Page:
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Today, the case for transport sail craft depends mostly on commercial, not military needs, as the nuclear powered aircraft carrier is hard to beat in terms of speed and range. However, there are several scenarios less unlikely than Kevin Costner's "Water World" where military sail craft may play a role. For example, the recent war between the UK and Argentina over the Falkland Islands taxed the payload/range capability of the British Royal Navy. As oil reserves are further depleted in the 21st Century, the logistics of such a conflict may create a need for wind assisted propulsion to extend the range of the smaller ships and to reduce the dependence of the fleet on underway replenishment from the oiler. Even in the US and Russia, the days of unlimited military spending are clearly at an end, and our ability to project global power on a budget may depend on innovative technologies such as wind assisted shipping.

Many critics of wind power found it difficult to believe Costner's 60 ft catamaran could outrun the jetskis, but we have personal experience in the Columbia River Gorge where several types of smaller sailcraft will outrun all of the motorboats. When the significant wave height exceeds about two feet, the jetskis are slowed below 20 kts due to ventilation of the pump inlet between waves. (The same thing happened to the 100 ton Jetfoil when it was briefly in passenger service in Hawaii.) The sail boards and Kiteskis can still operate above 30 kts in these conditions, as the need for lateral resistance is moderate on the broad reaches, and they can stay powered up when only kissing the tops of the waves, jumping over (getting air in) the wave troughs.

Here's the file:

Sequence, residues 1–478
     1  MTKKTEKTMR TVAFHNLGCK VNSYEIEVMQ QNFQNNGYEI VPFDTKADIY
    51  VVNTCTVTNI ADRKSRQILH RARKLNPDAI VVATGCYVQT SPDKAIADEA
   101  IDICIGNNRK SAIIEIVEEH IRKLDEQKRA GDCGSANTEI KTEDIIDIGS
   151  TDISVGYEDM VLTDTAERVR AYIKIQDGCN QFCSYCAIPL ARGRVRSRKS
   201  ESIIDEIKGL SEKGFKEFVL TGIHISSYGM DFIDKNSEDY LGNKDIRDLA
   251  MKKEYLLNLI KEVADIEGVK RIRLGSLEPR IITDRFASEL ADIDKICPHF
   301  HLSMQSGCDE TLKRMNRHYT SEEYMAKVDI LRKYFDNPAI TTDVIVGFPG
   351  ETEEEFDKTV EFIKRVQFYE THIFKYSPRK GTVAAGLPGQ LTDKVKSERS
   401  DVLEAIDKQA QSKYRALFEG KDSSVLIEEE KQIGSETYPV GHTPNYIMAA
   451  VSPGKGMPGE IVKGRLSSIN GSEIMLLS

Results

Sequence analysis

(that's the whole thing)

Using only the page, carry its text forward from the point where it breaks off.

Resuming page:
Even the larger propeller driven power boats have trouble keeping up with the Windsurfers when it's "nukin" in The Gorge. Although the prop may stay in the water and continue to provide thrust, the boat and driver can't take the beating from pounding on the waves, and they must slow below 20 kts. Interaction between sail force and ship motion can be important on much larger vessels in terms of crew comfort.

Hence the case for military sail craft may depend on the economics of war, and to a lesser extent on the possible speed advantage of wind assisted ships. The possibility of greatly improving the operating radius of small patrol boats may also be attractive, especially for island nations like Polynesia where the land masses are separated by many miles of ocean. Non nuclear powers that run short of oil reserves in the next century may also find wind assistance of some military value.

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